Another important area to discuss under teaching and instruction is student engagement. In classrooms where there is little reading and almost no writing, the CCRS seek to create a literacy-rich environment. An environment where reading and writing become a shared responsibility of all teachers and a normal part of every lesson. Reading may get students to college, but it’s writing that keeps them there. (Riddile) These two sets of skills almost share a symbiotic nature as Riddile further states that, “Research demonstrates that writing improves reading skills and that reading improves writing… Students cannot learn habits of mind, close reading, or argumentative writing by listening to a teacher talk: students must actively interact with the teacher and other students.”

Along with the need for active student engagement in reading, writing, and speaking, and the analyzing of complex text with increasing rigor from grade level to grade level, and lesson to lesson, there will be a high demand for more quality instructional time. Scheduling and flexibility will be necessary to provide teachers with a need for more instructional time to delve deeper into the content within their curriculum. Teachers will need time to use periodic assessments during the instructional process throughout the lesson. Formative assessment and strategic teaching strategies that are a part of the before, during, and after phase of instruction are inherent in an engaged classroom with quality instruction being given to students in every single classroom in each and every discipline.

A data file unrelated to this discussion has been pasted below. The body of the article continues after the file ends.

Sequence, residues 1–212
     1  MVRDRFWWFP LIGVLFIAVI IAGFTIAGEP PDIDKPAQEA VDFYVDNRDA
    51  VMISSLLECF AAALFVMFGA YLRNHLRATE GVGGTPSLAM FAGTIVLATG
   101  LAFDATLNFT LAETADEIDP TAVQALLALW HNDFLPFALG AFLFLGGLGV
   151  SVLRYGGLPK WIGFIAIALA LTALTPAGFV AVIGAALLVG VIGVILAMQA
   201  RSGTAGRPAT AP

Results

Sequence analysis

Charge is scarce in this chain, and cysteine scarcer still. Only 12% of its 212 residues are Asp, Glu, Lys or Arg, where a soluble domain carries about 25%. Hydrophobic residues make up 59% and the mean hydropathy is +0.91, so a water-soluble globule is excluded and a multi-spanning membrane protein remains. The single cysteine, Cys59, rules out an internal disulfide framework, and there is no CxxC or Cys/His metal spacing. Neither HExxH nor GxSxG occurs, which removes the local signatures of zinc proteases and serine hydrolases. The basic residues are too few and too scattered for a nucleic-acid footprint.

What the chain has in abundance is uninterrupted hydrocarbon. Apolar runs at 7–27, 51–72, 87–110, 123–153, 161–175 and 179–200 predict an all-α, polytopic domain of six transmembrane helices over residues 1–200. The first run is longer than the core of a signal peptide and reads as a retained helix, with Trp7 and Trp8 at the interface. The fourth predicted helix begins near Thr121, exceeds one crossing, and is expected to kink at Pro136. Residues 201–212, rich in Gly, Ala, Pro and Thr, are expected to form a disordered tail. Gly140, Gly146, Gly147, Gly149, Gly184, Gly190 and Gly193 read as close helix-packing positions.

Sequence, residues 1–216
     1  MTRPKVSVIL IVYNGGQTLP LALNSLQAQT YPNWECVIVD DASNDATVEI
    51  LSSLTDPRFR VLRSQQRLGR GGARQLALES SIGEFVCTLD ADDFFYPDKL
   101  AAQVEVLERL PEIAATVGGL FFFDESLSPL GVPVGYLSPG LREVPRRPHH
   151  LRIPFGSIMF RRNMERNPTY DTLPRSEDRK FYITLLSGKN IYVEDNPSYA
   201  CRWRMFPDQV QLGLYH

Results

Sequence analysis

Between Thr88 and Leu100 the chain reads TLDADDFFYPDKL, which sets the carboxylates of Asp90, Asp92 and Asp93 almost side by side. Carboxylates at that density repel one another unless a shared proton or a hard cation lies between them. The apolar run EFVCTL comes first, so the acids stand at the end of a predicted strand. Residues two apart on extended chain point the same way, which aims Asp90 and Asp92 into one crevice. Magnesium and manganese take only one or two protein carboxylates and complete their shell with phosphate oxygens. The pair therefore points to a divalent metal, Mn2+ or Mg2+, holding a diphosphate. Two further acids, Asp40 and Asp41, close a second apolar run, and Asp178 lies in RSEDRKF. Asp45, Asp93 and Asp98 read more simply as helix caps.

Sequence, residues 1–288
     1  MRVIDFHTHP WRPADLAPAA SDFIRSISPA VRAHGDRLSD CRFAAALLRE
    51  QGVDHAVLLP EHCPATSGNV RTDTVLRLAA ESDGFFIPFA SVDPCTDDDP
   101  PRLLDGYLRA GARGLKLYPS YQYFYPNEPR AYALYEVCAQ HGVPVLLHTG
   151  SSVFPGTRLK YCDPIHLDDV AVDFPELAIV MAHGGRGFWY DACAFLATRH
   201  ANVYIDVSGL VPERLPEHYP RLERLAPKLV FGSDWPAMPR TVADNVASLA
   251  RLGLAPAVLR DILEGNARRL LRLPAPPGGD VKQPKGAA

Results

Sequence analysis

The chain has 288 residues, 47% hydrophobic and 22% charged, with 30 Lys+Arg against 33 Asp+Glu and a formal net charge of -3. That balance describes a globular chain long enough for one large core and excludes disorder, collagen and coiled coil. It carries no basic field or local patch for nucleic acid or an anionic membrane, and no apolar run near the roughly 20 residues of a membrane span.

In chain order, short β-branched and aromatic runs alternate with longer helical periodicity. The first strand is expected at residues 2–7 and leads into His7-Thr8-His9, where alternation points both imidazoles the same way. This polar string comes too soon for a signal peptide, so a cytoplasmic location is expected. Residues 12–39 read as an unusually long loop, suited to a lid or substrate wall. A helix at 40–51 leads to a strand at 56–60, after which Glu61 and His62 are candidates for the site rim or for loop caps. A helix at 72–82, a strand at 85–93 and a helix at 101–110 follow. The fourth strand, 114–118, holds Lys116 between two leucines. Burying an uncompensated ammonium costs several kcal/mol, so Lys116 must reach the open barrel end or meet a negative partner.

Some of these concepts, tools, instructional strategies, and assessment means have already been implemented, but more is necessary before teachers are adequately equipped to fully implement the CCRS. This is one reason why professional development is so vital to implementation and it is why we need to build a community of learning. Your CCRS implementation team wants to know what you need to be successful in your classroom as you adopt and implement the standards and move toward building a school, and school system, with content literacy as our basis for instruction.

(Adapted from the pdf file accessed through ALEX) See article
Riddile, Mel. "The CCSS and Schoolwide Instructional Changes." Principal Leadership May (2012):
88-90. National Association of Secondary School Principals. Web. 19 Nov. 2012.